WV: I don’t know of anything that will take off quite like the mobile phone because the mobile phone satisfies an inherent human need to communicate. I don’t know of another basic human need that is so obvious and easy to fix.
Now, the technology I think that is really cool that we are not focusing on that will radically change the developing world is drones. I see drones as a logistics solution. So, right now, getting from point A to point B oftentimes requires long drives on rutted roads, if the road exists to begin with. And just like mobile phones allow us to communicate without having a wire from point A to point B, I think drones are going to enable us to move atoms without driving along the world. [For more, see our webinar on drones in disaster response.]
“I think MOOCs have promise, but the MOOC solution isn’t here yet.”
E4C: What hardware or software obstacles are preventing people in developing countries from taking advantage of Massive Open Online Courses now?
WV: The challenge with MOOCs is that there’s still an expectation or requirement that the user have high-speed Internet and a desktop computer. When we look at Internet access and activity, especially across Africa, we’re seeing it primarily on the mobile phone. In Kenya we’re seeing 80 to 90 percent of Internet access via mobile only.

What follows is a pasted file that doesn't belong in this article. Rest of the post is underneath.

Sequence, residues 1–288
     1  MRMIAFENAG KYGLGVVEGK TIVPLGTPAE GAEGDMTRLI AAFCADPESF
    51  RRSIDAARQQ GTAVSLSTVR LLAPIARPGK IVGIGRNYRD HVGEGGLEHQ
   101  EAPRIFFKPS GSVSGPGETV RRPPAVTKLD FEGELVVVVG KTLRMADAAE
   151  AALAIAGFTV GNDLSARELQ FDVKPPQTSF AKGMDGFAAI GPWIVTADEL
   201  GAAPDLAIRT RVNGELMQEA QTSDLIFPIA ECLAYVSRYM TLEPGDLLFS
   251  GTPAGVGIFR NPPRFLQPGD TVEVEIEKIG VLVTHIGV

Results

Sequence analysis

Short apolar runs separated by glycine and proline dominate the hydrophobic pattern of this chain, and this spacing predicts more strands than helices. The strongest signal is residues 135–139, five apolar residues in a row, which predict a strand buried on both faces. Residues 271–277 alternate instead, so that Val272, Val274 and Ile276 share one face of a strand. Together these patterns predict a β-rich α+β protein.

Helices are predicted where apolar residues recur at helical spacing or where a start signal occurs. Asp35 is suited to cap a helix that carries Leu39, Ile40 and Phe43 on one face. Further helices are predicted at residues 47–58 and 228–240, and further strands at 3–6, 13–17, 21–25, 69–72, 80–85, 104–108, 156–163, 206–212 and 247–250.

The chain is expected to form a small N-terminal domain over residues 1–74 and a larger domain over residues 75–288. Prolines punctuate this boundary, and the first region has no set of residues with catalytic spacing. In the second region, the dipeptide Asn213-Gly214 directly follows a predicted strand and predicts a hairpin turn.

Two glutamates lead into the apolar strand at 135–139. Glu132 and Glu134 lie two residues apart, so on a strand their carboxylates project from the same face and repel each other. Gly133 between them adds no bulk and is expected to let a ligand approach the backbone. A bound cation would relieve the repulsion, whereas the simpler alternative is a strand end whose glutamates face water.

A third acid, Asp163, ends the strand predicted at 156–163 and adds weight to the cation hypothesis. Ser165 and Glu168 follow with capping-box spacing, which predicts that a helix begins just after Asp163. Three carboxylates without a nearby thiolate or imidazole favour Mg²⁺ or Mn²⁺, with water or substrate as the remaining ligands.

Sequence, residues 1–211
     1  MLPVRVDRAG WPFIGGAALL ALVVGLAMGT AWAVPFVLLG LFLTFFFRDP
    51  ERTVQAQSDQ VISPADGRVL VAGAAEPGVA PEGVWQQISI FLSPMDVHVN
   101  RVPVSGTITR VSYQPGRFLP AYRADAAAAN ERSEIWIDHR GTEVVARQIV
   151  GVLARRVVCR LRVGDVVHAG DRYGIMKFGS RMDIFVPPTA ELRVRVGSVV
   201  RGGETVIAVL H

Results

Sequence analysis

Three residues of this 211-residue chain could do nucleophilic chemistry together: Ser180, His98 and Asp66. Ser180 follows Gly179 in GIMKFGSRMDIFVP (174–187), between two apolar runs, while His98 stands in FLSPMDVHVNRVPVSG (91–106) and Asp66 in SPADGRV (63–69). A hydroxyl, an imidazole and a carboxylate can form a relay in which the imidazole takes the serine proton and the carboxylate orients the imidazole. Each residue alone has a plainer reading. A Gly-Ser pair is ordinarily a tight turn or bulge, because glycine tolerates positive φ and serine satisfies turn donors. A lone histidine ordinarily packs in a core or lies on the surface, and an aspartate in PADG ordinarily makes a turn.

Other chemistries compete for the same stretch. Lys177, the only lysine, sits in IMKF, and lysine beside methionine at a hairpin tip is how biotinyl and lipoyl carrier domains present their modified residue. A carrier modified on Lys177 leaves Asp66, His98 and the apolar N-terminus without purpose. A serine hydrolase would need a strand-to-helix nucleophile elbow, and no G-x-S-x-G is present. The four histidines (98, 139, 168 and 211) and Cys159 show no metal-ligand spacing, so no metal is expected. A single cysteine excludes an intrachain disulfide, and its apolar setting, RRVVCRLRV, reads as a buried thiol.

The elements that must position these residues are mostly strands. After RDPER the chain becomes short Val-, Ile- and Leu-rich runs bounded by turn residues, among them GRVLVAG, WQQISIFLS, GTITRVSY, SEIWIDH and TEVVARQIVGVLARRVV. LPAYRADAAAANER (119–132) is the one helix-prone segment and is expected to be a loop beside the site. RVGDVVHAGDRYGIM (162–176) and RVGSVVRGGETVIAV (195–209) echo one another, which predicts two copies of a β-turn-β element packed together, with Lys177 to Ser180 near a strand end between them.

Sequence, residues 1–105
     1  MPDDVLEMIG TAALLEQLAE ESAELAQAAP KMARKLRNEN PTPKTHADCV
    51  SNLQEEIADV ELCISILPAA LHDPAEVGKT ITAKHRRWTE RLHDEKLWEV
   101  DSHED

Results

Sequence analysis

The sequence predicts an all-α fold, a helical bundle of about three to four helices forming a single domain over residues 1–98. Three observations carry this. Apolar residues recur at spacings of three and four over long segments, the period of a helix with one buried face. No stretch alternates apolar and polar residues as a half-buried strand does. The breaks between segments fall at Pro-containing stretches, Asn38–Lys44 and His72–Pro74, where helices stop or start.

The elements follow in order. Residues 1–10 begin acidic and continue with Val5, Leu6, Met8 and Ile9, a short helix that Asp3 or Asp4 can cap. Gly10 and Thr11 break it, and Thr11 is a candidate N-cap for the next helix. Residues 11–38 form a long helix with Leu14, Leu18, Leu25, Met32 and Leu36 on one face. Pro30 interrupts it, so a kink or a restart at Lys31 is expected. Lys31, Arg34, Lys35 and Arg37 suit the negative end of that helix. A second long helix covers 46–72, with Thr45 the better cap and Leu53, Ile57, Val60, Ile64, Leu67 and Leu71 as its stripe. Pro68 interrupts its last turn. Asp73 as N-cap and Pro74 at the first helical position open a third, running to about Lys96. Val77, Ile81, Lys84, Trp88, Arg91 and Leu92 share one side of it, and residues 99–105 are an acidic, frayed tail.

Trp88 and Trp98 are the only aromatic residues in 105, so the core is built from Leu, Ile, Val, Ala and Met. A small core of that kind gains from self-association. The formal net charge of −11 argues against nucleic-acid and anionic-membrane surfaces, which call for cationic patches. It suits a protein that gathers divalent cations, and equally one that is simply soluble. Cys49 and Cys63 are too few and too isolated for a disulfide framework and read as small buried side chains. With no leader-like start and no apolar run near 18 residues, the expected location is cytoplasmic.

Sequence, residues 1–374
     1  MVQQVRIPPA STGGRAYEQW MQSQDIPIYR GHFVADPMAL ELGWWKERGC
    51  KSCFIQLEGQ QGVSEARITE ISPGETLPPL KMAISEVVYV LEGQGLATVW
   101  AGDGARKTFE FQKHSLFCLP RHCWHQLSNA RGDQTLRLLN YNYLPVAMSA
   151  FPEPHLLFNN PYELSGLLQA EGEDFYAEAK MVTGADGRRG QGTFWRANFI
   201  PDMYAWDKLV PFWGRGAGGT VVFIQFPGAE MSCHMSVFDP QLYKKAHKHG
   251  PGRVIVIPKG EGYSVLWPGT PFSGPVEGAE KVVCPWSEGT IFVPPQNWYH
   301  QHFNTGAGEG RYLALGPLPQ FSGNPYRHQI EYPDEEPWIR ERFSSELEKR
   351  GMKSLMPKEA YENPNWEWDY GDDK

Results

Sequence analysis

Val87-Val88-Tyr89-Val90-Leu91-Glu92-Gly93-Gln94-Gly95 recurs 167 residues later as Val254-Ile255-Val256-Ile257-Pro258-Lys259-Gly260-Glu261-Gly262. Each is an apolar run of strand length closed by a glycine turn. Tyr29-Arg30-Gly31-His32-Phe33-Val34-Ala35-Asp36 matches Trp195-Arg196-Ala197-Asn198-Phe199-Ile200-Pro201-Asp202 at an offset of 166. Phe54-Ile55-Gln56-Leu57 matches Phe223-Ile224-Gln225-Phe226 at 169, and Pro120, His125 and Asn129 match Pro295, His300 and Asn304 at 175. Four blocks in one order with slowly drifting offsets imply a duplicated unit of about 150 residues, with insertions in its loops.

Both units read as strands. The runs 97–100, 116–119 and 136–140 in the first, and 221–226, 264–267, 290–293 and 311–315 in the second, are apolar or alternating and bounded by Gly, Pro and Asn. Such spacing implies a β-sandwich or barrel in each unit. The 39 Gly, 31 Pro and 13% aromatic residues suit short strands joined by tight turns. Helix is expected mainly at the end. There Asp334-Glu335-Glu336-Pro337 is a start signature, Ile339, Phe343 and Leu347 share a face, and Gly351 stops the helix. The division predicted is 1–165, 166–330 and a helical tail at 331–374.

Also, when you look at MOOC data overall, you see that the majority of people who are successful are people who already have had a successful experience with higher education. So they are intrinsically motivated to finish a class. These are the people that oftentimes succeed in MOOCs, those that are already advantaged.
So I think MOOCs have promise, but the MOOC solution isn’t here yet. If you look at the founder of MOOCs you’ll see that he left to go see what was wrong because he realized that he was essentially advantaging those that are already advantaged. [That is Sebastian Thrun, a robotics professor at Stanford University and founder of the online courses company Udacity.]